Stable Diffusion maker launches Stable Audio text-to-music AI
Stability AI, the tech firm behind popular text-to-image AI tool Stable Diffusion, has unveiled a new......
Stability AI, the tech firm behind popular text-to-image AI tool Stable Diffusion, has unveiled a new product focused on music and sound.
Stable Audio was announced this morning as a freemium service. Its free basic version can generate and download music up to 20 seconds in length in response to text prompts.
(For example: ‘Trance, Ibiza, Beach, Sun, 4 AM, Progressive, Synthesizer, 909, Dramatic Chords, Choir, Euphoric, Nostalgic, Dynamic, Flowing’ or ‘Disco, Driving Drum Machine, Synthesizer, Bass, Piano, Guitars, Instrumental, Clubby, Euphoric, Chicago, New York, 115 BPM’ – two of the sample tracks showcased as part of Stable Audio’s launch.)
Its ‘Pro’ subscription increases the maximum length to 90 seconds, with tracks that can be downloaded and used for commercial projects – those created in the ‘Basic’ version can only be used for non-commercial ones.
The AI was trained on music and metadata from production-music company AudioSparx. This mirrors the approach taken by Meta earlier this year with its MusicGen AI, for which it struck a deal with ShutterStock and its Pond5 subsidiary.
However, in this case AudioSparx offered its musicians an opt-out if they did not want their work to be used to train Stable Audio. Around 10% of them chose to opt out. Those who opted in will get a share of the revenues from Stable Audio.
The launch follows the debut earlier this year of AI music models by Google (MusicLM) and Meta (MusicGen, and its wider AudioCraft framework.)
The product lead on Stable Audio is a familiar name to anyone who’s been following the AI music sector. Ed Newton-Rex was the co-founder and CEO of one of the first AI-music startups, Jukedeck, which was acquired in 2019 by TikTok’s parent firm ByteDance.
After leaving TikTok in 2021, Newton-Rex worked for a while as chief product officer at Snap-owned music-creation app Voisey. He then joined Stability AI in November 2022, initially as VP of product for its music-focused Harmonai project.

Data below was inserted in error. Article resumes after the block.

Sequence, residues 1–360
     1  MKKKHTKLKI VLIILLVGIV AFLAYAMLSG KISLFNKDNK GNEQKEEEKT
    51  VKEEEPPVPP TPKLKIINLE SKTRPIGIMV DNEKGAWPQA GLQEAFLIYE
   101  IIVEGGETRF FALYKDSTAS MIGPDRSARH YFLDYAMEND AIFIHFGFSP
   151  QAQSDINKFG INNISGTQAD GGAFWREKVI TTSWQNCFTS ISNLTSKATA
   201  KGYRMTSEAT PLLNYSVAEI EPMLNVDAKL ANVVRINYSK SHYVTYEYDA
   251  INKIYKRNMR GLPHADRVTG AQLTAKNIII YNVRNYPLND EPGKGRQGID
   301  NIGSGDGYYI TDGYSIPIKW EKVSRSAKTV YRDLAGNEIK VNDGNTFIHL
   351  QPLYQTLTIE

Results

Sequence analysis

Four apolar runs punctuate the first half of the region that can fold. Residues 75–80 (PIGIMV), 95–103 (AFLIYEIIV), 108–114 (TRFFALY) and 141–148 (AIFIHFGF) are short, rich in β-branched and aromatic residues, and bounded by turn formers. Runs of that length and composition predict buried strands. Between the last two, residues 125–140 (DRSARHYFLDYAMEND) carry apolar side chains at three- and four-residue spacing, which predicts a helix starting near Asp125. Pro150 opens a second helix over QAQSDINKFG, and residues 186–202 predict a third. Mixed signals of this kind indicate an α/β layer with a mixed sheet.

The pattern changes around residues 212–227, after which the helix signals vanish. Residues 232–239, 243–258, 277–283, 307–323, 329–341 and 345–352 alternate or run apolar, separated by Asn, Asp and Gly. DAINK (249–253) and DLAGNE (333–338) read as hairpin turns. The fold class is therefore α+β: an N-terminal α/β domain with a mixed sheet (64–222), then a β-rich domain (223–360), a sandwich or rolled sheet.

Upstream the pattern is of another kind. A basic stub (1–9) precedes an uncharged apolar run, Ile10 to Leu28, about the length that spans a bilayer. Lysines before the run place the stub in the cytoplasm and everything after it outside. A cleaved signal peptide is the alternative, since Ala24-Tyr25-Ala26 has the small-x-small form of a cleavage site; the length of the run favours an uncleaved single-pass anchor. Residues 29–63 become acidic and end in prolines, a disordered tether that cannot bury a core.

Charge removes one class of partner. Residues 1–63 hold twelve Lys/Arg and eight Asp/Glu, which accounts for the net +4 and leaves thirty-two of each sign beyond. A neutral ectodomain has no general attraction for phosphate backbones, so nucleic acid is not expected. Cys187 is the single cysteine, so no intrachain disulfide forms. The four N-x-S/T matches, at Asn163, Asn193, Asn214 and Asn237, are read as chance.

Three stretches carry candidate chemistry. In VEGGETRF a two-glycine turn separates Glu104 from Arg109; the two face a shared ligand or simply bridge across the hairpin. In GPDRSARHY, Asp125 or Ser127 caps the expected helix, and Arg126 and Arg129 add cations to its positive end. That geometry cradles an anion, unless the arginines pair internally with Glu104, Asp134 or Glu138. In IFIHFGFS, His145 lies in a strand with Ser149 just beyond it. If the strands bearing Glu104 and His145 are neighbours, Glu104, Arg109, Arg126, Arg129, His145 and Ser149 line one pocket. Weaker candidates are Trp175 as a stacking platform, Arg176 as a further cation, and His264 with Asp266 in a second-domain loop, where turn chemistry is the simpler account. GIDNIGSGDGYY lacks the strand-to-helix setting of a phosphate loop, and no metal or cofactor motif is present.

In February this year he moved to a more general role as VP of audio to work on Stable Audio. Music Ally talked to Newton-Rex and AudioSparx CEO Lee Johnson ahead of the new product’s announcement to find out more.
“Stability AI is obviously best known for its work in images, but this launch is our first product for music and audio generation,” said Newton-Rex.
“The concept is simple: you describe the music or audio you want to hear, and our system generates it for you. Primarily music, but actually it also works quite well for sound effects.”
“The thing I’m most excited about is musicians using it to create any sample they can think of, be that a drumbeat or a crazy melding of instruments, to use in their own music. We hope this is a useful and interesting sample generator.”
However, he made it clear that while Stable Audio is a commercial product – unlike MusicLM and MusicGen – it is also still experimental, and evolving rapidly.
Johnson is impressed. “I’m also a composer and producer, and have been completely blown away with its ability to create phenomenally human-sounding drum, bass, keyboard and guitar parts,” he said.
“I’m working on a song about vampires, and it created some great vampire screams for me, that also had a musical quality to them! I’ve had so much fun test-driving it and testing all kinds of different prompts: arpeggiation, key changes, beats per minute. It can handle all of this.
Vampire screams? That’s a hint at how Stable Audio will have applications beyond the obvious. Newton-Rex talked about someone creating a sample using the prompt ‘hammering wood at 120bpm‘ as another example.
“That kind of stuff is really fun: we don’t know the limits of this model,” he said. “We’re going to be encouraging people to go to the Stable Foundation Discord server, where there’ll be a Stable Audio channel to share prompts that are working well, and outputs. We’ll have a prompt guide, but people are going to do a better job of us at figuring out what works here.”
Stable Audio uses the ‘latent diffusion’ architecture that was first introduced with Stable Diffusion. For music, Newton-Rex said it enables the model to be trained much faster, and then to create audio of different lengths at a high quality – up to 44.1kHz stereo.